|Burke Library at Union Theological Seminary|
At a Glance
This collection is arranged in two series: Series 1: Correspondence; and Series 2: General.
Scope and Contents
This collection contains correspondence, a program from the J. C. Brown memorial service, and 8 palm leaves of Pali manuscript mailed to Miss Hudson, a "librarian of Union Seminary," by Brown's wife after the death of her husband.
Burke Library record group:
Union Theological Seminary Archives: UTS 1, papers of faculty and students
Using the Collection
Burke Library at Union Theological Seminary
Conditions Governing Access
This collection is open for research.
Conditions Governing Use
Some material in this collection may be protected by copyright and other rights. Information concerning copyright, fair use, and reproduction requests can be consulted at Columbia's Copyright Advisory Office.
Item description, UTS1: John Crosby Brown papers, box #, folder #, The Burke Library at Union Theological Seminary, Columbia University in the City of New York.
UTS 1: Charles Cuthbert Hall Papers, The Burke Library at Union Theological Seminary, Columbia University in the City of New York.
Immediate Source of Acquisition
The bulk of the correspondence was transferred from the C.C. Hall archival collection between 1986 and 1995. The Pali manuscript was donated circa 1911 by Brown's wife.
About the Finding Aid / Processing Information
Columbia University Libraries, Burke Library at Union Theological Seminary
Most of the John Crosby Brown collection was located among the papers of Charles Cuthbert Hall. To avoid compounding earlier confusion, UTS Archives decided to leave the correspondence between Brown and Hall within the Hall collection. The correspondence not related to C.C. Hall was moved into the John Crosby Brown collection. The Pali manuscript was added to Brown's archival collection in 2004 when the sealed postal packet was first opened. The finding aid was created by Daniel Sokolow in 1995, updated by Ruth Tonkiss Cameron in 2012, and edited by Leah Edelman in 2022.
2022-11-01 PDF converted to EAD and description updated by Leah Edelman.
History / Biographical Note
Biographical / Historical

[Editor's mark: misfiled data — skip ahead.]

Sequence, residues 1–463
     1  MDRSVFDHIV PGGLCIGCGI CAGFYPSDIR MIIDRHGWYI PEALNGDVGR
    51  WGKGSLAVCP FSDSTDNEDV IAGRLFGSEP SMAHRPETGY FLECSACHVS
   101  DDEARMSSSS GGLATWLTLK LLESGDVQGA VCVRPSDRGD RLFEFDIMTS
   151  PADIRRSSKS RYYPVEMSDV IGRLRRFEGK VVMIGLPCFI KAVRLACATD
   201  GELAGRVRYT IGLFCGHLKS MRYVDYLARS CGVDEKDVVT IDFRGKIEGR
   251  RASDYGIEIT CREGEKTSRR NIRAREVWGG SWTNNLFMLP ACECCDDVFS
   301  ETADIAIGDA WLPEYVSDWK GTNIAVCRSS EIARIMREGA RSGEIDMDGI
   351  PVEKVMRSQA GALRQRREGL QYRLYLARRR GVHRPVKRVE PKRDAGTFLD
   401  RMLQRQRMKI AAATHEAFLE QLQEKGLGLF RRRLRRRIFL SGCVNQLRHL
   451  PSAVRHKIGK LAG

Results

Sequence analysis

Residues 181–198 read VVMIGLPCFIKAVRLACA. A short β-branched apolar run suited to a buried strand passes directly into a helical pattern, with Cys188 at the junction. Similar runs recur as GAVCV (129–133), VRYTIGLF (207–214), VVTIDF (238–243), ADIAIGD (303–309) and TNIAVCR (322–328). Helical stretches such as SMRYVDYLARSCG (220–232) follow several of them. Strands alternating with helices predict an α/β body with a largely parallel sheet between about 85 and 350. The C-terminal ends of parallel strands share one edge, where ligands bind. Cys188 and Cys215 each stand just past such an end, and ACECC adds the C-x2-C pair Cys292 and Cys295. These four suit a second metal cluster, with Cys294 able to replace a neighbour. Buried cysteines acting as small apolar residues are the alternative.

John Crosby Brown was born in New York City on May 22, 1838, the son of James Brown and Eliza Maria Coe. James Brown was a well known banker, founder of the family company Brown Brothers and Co., and a great supporter of Union Theological Seminary. His interest in Union grew following the death of several of his children when the steamship Arctic sank in 1854. James Brown's generosity was most obvious in an 1873 donation of $300,000, which helped establish several professorships. John Crosby Brown was educated privately as a child, and graduated from Columbia University in 1859. He had intended to enter the ministry, but the loss of the family on the Arctic obliged him to join the family business instead. He traveled following graduation, and then began his work at different branches of the family business. He became a partner at the main office in New York in 1864. In the financial world, Brown drew the admiration of men like J.P. Morgan for his honesty. In addition to his work at Brown Brothers, he was also involved with the boards of several other corporations, including several railroads. Brown married Mary Elizabeth Adams in the early 1860's. This brought Brown closer to Union Theological Seminary, as his father-in-law William Adams was also connected to the Seminary and became its president in 1873. The Browns made their home in New York on East 37 street, and had six children; William Adams (1865), Eliza Coe (1868), Mary Magoun (1869), James Crosby (1872), Thatcher Magoun (1876), and Amy Brighthurst (1899). William Adams Brown was to continue the family's involvement with Union Theological Seminary; he became aprofessor and taught for over thirty years. The Browns also established a summer home in Brighthurst, New Jersey, where they built a sprawling forty acre estate on Orange Mountain. Their social circle in New Jersey included civil war general and governor of New Jersey George McClellan, and Theodore Roosevelt's sister and brother-in-law. In his personal life, Brown had many interests. He served on the Board of education of New York City, and was a trustee of Columbia University. Brown also participated in numerous other organizations, including the Presbyterian Hospital and the Metropolitan Museum of Art. The association with the Museum began when his wife donated a large and well-kept collection of musical instruments, a collection that still bears her name. He went on to become the treasurer of the museum. Brown's direct involvement with Union began in 1866 when he joined the Board of Directors. He became vice-president of the Board in 1883, and president in 1897. During his tenure Brown was involved in the great controversies affecting Union, including the heresy cases against Charles A. Briggs and Arthur C. McGiffert. He was also instrumental in many of the great advances made by Union over the forty years that he served. He donated a good deal of money to the Seminary, and he successfully encouraged others to give as well. The Board, under Brown's leadership and with the help of faculty president C. C. Hall, convinced board vice-president D. Willis James to make the major donation in what would become the Morningside campus of UTS. J. C. Brown, like President Hall, would not live long enough to see the development of their dream for the Seminary. While he was able to attend the laying of the cornerstone of the new campus in November 1908, he died the following June. His legacy at UTS continued, however, in two important ways. One of his six children, William Adams Brown, was to carry on a long and distinguished career as a professor at Union for more than thirty years. In addition, the tower built in 1928 that dominates the skyline over the Seminary was named the Brown Tower in his honor.